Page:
James Purefoy, best known to the American audience as Mark Antony in Rome, plays the erudite serial killer Joe Carroll. He was an English professor with a poorly selling first novel (uh oh) and an obsession with Edgar Allan Poe. He breaks out of death row, and that brings his arresting officer, Kevin Bacon's Ryan Hardy, back into play.
Except Ryan is much more than an arresting officer. He was an intrepid FBI agent who against all odds nabbed Carroll some years ago, and was nearly killed in the process. He's retired due to his wounds, and an alcoholic (though he maybe was that way before). He also wrote a book, has a following of at least one young FBI guy, who is thrilled to be working with Ryan on this new Carroll case.
Except Carroll is much more than a literate serial killer. While he was in prison, he somehow attracted a cadre of blindly devoted followers, women and men, who will do anything he commands. Hence the name of the show.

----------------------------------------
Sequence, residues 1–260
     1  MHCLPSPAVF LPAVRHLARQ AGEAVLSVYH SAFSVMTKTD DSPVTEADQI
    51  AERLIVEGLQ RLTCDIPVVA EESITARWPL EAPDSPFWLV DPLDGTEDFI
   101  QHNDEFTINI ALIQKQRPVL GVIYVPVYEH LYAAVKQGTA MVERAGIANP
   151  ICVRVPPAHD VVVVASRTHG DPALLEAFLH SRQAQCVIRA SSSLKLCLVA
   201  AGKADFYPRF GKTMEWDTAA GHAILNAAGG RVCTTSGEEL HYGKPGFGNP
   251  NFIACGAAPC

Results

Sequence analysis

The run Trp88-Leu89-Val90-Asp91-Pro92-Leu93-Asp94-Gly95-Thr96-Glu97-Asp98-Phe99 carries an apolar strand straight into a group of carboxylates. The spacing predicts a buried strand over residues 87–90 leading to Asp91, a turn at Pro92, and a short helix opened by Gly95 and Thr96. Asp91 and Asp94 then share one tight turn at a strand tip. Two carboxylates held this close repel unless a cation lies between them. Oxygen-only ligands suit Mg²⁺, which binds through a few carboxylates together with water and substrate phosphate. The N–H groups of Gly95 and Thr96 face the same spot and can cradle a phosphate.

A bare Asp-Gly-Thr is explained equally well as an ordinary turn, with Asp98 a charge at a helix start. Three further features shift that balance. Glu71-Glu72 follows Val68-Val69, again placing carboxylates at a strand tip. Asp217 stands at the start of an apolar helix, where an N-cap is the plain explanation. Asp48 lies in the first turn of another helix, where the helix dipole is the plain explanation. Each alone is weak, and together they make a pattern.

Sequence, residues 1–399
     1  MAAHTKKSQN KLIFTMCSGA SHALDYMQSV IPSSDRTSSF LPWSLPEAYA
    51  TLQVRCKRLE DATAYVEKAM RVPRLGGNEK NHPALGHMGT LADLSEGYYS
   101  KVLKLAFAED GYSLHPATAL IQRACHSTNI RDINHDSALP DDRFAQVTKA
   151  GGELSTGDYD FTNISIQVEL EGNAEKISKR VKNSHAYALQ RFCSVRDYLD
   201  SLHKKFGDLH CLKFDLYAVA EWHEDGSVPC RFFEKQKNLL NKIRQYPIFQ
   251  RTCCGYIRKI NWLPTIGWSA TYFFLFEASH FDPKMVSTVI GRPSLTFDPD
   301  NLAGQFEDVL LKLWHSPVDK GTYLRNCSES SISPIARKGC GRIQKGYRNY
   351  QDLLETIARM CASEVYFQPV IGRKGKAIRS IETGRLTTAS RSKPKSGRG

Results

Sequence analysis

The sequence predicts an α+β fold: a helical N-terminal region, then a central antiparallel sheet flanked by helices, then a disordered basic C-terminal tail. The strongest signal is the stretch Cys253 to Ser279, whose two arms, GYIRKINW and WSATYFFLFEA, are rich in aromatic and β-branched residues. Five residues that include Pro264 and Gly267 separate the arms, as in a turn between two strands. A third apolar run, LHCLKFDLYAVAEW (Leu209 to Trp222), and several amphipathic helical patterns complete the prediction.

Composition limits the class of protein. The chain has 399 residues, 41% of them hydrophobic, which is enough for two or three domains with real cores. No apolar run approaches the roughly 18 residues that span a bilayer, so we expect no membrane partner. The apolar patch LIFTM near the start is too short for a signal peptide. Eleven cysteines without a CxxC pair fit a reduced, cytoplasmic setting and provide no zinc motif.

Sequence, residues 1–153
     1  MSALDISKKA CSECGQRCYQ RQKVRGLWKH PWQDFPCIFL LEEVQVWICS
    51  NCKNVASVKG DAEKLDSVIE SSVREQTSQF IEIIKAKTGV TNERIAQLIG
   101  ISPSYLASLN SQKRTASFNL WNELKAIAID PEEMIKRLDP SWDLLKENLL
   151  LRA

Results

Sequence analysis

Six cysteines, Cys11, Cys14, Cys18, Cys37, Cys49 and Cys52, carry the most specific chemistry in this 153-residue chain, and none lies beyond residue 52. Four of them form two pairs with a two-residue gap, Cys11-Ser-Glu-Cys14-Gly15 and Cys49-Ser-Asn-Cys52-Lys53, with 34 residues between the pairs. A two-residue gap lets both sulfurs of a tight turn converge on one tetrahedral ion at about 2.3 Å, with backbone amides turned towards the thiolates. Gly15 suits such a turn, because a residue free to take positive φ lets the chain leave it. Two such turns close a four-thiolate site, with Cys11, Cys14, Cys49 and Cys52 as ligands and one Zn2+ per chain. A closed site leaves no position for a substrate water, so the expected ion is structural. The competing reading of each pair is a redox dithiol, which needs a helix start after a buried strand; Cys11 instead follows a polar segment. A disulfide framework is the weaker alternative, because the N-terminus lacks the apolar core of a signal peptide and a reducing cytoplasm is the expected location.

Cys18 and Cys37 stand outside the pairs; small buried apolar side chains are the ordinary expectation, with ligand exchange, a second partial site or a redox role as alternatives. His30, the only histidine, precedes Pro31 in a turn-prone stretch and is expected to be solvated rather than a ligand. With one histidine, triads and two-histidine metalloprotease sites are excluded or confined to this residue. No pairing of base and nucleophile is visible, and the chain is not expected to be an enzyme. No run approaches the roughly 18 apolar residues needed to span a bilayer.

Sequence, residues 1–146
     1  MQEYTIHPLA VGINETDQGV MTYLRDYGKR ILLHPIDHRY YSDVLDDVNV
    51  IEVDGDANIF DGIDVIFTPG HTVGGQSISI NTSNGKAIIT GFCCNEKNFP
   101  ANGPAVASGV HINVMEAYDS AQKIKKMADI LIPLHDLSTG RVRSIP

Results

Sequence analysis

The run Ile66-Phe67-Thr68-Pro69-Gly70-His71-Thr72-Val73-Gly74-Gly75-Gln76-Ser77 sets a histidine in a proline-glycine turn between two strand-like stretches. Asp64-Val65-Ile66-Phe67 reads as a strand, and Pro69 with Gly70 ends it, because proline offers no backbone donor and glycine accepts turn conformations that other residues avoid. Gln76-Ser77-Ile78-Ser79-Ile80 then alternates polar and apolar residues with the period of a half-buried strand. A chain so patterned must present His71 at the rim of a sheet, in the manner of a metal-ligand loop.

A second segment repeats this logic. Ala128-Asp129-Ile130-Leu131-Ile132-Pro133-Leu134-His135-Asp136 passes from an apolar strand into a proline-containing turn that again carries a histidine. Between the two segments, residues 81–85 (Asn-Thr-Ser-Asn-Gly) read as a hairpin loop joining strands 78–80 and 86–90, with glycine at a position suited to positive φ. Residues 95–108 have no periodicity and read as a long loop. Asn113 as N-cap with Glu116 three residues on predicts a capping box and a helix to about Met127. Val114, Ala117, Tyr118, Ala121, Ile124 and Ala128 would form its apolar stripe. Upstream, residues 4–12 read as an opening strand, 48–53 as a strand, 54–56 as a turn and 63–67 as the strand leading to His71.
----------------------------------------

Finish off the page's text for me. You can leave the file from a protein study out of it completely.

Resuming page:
So what starts out as a show about a brilliantly, sickeningly demented serial killer who thinks women look their most beautiful when dead and who takes out his victim's eyes - ala Poe - and prides himself on all the ocular muscles he expertly severs, segues into a show more about a Charles Manson writ large. Or, what might have happened had Charles Manson been able to command a following even once he was behind bars.
It's a frightening prospect, powerfully acted by both Purefoy and Bacon, and I'll be watching the rest of the harrowing story this season with one eye on the screen and one on the door.